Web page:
In one year, the stock of Freescale Semiconductor Co. has risen from $13 to more than $25 a share. The former Motorola semiconductor division has grown from the 11th-largest to the ninth largest semiconductor business in the world, according to IC Insights, a Scottsdale-based market research firm.
And the company has been receiving a slew of "best supplier" awards from its major customers.
"We are proud," said Demetre E. Kondylis, general manager of the company’s Sensor and Analog Products Division in Tempe, of the company’s first-year performance. "But we are not going to take our eye off the ball. We’re still not where we need to be."
Austin, Texas-based Freescale is celebrating the oneyear anniversary this month of its spinoff from Motorola to become an independent company.
On Friday the company’s sensor and analog products division, a major supplier of microcontrollers to the auto industry, received three awards from Visteon, a Michigan-based auto parts supplier, adding to other awards the company has received this year from General Motors, Toyota, Delphi and other auto -industry companies.
Freescale, with $5.7 billion in annual sales, is the largest supplier of integrated circuits to the auto industry. Microcontroller units supplied by Freescale perform such functions as controlling engine parts for greater fuel efficiency, operating electronic gadgetry and activating air bags in an emergency.
The electronic content of automobiles continues to grow, and with the potential for fuel-efficient hybrid cars to become more popular, the use of integrated circuits in motor vehicles are likely to expand even further.
Kondylis said Freescale has spent its first year of existence establishing a firm foundation as an independent entity, a process that culminated last week when the company reported a second quarter profit of $122 million, or 29 cents a share, compared with $85 million in the same quarter last year. With the financial fundamentals in place, the company is ready to move on to phase 2 — more aggressive pursuit of growth, he said.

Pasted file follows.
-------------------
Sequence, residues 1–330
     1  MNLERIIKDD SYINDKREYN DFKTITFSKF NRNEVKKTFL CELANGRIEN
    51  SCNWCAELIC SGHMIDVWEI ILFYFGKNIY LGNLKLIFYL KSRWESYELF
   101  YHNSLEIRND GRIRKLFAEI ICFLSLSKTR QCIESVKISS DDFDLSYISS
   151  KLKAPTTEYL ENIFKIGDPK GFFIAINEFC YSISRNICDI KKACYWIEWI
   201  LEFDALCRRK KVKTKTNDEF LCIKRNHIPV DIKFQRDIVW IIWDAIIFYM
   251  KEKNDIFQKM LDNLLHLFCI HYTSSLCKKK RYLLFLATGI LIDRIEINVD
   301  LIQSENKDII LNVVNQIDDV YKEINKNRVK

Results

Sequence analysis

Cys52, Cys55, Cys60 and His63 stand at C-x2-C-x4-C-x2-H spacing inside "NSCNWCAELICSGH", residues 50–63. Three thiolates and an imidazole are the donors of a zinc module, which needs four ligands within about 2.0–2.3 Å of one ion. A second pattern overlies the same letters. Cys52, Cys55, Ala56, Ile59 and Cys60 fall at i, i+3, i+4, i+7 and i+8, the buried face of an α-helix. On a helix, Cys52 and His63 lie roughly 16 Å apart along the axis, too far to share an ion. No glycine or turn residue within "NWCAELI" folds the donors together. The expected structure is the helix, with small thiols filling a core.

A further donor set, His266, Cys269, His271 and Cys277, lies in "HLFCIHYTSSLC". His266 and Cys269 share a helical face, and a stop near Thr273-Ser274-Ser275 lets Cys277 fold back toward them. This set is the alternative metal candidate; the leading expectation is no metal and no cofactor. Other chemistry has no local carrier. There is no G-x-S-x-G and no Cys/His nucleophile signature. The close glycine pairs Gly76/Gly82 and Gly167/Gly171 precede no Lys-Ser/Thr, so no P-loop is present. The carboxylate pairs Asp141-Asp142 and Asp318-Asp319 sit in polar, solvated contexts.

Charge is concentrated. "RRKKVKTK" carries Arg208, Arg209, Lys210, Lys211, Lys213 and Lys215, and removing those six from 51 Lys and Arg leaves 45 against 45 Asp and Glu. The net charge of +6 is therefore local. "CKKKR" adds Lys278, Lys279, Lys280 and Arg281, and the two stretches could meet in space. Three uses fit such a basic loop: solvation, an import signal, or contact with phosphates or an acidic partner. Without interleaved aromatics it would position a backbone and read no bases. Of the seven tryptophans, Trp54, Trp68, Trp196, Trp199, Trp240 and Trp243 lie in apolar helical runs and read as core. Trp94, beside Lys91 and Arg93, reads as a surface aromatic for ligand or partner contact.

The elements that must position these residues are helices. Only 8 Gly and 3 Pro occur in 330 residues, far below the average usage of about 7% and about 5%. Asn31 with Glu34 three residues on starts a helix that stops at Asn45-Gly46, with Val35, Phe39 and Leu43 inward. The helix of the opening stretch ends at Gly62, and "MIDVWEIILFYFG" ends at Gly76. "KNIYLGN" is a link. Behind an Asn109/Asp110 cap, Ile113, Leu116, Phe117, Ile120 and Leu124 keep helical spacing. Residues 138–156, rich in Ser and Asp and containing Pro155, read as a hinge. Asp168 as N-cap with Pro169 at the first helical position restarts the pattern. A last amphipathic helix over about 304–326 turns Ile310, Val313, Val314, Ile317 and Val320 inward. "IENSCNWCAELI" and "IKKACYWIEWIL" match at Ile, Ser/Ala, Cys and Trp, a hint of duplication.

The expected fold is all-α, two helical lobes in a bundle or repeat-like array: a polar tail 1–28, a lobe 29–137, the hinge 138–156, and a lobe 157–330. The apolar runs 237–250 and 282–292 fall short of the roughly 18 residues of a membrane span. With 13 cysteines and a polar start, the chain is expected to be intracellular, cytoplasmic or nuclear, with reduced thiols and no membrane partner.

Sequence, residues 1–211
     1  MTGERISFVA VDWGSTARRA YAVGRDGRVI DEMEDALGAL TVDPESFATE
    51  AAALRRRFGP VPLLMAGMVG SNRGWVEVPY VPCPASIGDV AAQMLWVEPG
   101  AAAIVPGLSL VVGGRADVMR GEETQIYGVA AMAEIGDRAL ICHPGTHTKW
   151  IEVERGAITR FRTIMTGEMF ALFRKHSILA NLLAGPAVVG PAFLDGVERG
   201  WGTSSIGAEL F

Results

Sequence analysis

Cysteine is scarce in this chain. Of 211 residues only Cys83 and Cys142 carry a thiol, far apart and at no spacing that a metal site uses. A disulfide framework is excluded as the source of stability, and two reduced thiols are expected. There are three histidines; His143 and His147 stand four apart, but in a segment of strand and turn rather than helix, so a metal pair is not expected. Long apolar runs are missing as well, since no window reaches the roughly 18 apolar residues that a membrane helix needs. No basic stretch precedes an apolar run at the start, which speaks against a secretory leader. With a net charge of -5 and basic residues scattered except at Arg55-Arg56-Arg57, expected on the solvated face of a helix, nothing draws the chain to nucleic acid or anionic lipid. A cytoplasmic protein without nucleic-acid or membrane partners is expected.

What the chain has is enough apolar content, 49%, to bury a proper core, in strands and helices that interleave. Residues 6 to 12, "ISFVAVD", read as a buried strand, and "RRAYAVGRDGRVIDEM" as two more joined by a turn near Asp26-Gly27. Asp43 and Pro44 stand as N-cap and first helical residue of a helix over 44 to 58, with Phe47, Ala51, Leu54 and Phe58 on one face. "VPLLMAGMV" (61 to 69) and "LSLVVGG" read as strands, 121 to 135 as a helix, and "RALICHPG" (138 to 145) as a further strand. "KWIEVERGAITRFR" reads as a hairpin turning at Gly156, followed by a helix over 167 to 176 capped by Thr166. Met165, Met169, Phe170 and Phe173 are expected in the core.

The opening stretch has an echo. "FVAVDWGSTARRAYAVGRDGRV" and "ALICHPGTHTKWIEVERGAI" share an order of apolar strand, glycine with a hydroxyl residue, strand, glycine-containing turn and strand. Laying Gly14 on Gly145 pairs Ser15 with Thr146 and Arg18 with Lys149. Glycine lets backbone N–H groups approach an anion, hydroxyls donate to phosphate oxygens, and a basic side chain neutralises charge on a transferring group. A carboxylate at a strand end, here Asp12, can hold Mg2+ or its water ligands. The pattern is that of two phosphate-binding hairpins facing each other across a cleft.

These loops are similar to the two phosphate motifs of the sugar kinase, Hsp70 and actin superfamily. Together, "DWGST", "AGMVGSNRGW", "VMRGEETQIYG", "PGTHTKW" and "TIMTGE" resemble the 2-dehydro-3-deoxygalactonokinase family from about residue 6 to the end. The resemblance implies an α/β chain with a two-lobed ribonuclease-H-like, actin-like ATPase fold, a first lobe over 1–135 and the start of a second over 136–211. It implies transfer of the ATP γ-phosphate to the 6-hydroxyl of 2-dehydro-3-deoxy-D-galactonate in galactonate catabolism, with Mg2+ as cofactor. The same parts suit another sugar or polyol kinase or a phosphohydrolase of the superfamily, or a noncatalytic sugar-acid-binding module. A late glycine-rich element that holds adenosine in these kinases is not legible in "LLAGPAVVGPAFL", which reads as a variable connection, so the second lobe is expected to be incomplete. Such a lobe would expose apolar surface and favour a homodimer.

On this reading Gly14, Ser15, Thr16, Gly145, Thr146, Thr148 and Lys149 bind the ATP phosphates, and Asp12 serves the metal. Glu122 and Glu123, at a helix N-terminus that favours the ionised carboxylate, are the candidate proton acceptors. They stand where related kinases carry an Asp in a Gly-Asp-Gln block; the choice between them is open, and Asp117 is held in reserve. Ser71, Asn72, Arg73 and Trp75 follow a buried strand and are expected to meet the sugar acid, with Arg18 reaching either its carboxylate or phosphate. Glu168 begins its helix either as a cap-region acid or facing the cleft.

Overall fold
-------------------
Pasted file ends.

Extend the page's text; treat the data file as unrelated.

In addition to expanded auto sales, the company sees prospects for growth in semiconductors for thirdgeneration cell phones and consumer products such as media players and digital cameras, he said.
In Arizona, the company employs about 3,000 at campuses in Tempe and Chandler, out of a worldwide work force of about 22,000.
The size Arizona work force has remained steady in the past year, and no hiring campaigns are planned, Kondylis said. The staff "will grow appropriately," he said.
Tony Massimini, chief of technology for Semico Research, a Phoenix-based market research firm, said Freescale’s performance has been good in light of the softness in the semiconductor industry in the first half of this year. He added that the improvement in the company’s earnings is an indication that Freescale has taken control of its costs.
He said one of the goals of the company will be to diversify from the automobile industry, which provides steady but not spectacular growth.
"The automotive market is a good port in the storm," he said. "It won’t provide spectacular growth, but when times are tough, it holds up."